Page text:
Brigadier General Kinfe Dagnew, a former Chief Executive Officer of Ethiopia’s army-backed business conglomerate, Metal and Engineering Corporation, MetEC, has been flown to Addis Ababa after his arrest on Monday.
Footage shared by state affiliated Fana broadcasting corporate said he had been arrested whiles he tried to cross in Sudan from the Tigray regional state’s town of Humera.
“Brigadier-General Kinfe Dagnew, a suspect in the case, was apprehended around Humera,” an Ethiopia Broadcasting Corporation announcement said.
Dagnew is seen surrounded by border officials, police and military personnel at the border post. He arrived via a helicopter to Addis Ababa where he is expected to be charged with offences relating to corruption during his time at MetEC.
Update: The state broadcaster ETV showed the moment B/General Kinfe Dagnew was placed under arrest near #Humera in the border between #Ethiopia and #Sudan. The report said the general is now en route to #AddisAbeba. He will likely face charges of corruption at a federal court pic.twitter.com/VFWip8Tewn— Addis Standard (@addisstandard) November 13, 2018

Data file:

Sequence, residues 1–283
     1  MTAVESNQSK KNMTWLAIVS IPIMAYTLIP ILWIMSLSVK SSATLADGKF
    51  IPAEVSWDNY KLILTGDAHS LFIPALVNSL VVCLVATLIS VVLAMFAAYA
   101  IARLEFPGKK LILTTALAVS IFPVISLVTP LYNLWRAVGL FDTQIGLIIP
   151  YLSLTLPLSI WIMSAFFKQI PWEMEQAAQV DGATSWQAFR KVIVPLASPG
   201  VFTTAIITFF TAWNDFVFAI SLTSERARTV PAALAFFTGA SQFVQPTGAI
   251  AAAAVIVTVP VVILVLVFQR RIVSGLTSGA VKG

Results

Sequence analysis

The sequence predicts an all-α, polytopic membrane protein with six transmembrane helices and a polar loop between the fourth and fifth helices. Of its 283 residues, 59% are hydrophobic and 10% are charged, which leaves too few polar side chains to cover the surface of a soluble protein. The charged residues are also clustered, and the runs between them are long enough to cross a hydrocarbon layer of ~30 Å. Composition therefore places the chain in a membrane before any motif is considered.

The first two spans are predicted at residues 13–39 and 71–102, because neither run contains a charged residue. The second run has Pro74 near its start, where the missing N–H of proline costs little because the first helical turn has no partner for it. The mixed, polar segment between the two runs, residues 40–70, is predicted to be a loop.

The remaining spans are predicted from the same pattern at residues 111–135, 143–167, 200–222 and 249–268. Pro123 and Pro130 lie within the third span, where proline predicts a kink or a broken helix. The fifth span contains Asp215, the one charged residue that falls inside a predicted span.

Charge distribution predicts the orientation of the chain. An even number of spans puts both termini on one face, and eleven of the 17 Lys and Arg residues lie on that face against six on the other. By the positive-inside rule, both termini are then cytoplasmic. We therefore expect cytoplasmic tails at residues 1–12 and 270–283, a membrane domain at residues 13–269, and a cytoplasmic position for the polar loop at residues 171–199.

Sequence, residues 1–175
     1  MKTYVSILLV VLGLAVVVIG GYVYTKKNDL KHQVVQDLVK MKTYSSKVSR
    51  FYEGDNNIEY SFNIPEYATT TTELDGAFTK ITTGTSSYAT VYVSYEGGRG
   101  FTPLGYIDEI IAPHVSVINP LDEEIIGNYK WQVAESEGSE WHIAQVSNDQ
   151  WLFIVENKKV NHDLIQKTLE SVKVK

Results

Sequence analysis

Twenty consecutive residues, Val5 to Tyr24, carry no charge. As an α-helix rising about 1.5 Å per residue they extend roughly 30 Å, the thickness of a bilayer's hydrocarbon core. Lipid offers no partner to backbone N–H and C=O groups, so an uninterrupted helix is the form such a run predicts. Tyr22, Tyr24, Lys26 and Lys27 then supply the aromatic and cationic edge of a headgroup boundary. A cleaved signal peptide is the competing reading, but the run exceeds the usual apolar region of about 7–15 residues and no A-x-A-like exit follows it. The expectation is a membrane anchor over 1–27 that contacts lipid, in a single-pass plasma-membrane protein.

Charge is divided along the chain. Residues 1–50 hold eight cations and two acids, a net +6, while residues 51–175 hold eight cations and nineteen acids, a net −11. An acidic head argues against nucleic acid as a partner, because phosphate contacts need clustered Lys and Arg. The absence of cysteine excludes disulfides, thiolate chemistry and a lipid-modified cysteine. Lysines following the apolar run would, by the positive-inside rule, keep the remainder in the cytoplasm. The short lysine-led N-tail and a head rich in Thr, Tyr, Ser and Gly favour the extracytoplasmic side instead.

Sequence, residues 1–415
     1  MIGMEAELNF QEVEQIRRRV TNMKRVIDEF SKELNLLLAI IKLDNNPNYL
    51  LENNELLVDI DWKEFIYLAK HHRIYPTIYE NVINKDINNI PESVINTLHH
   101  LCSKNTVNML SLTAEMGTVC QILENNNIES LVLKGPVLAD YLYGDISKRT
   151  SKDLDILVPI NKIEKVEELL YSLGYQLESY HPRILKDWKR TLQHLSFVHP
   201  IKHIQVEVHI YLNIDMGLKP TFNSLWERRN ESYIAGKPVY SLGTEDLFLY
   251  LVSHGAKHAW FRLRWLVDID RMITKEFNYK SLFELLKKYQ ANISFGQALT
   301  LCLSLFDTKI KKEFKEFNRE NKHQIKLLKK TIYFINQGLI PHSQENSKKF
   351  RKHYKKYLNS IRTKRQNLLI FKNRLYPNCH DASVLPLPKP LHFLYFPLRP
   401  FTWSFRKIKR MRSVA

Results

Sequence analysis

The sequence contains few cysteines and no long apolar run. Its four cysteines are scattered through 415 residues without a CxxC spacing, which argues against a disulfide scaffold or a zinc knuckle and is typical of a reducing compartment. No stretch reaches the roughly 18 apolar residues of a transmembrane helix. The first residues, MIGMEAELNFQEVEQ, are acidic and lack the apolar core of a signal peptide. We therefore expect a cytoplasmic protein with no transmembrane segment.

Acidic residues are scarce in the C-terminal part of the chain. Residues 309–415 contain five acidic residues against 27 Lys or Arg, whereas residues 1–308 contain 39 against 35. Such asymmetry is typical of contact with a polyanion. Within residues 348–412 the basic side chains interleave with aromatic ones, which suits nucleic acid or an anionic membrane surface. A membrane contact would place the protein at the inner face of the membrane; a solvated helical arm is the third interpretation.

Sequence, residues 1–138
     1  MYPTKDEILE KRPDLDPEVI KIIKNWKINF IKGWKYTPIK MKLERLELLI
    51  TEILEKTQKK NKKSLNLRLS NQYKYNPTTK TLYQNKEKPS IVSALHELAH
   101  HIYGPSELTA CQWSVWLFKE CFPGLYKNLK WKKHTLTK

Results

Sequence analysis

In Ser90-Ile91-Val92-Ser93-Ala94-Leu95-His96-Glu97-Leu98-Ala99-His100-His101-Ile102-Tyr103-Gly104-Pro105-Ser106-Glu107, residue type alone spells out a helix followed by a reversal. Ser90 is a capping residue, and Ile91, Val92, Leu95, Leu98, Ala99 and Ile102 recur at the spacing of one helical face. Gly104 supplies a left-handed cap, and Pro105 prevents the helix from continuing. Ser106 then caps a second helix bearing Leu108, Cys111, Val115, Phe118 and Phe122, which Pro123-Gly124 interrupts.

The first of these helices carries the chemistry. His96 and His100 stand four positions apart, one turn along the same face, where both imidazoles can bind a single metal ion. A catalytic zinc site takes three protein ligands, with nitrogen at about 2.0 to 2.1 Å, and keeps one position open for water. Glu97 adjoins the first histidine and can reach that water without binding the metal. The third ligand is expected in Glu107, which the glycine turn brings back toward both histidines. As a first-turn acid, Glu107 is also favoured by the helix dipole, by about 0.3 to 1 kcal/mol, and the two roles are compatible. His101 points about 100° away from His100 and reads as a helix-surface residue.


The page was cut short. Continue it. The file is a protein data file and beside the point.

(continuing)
Although there are reports that there was no arrest warrant specifically in his name, video footage of his arrival in Addis Ababa showed that he had been handcuffed and was under heavy security guard.
Another security chief under detention is Tekleberhan Woldearegay, former head of the Information Network Security Agency, INSA, the erstwhile feared intelligence wing of the country’s security setup.
Update: Handcuffed & surrounded by heavily armed military men, B/General Kinfe Dagnew, former CEO of #MeTEC, a multi-billion dollar corporate run by the military & is at the center of grand corruption probe, has arrived in #AddisAbeba this afternoon. Vid: https://t.co/oqpN5noiI6 pic.twitter.com/lbRYWdKqsb— Addis Standard (@addisstandard) November 13, 2018
The arrests come a day after Attorney General Berhanu Tsegaye disclosed instances of corruption in the financial dealings of MetEC and gross human rights abuse by INSA officials. Over sixty ex-officials of both agencies have since been detained.
Photo Credit: @fanatelevision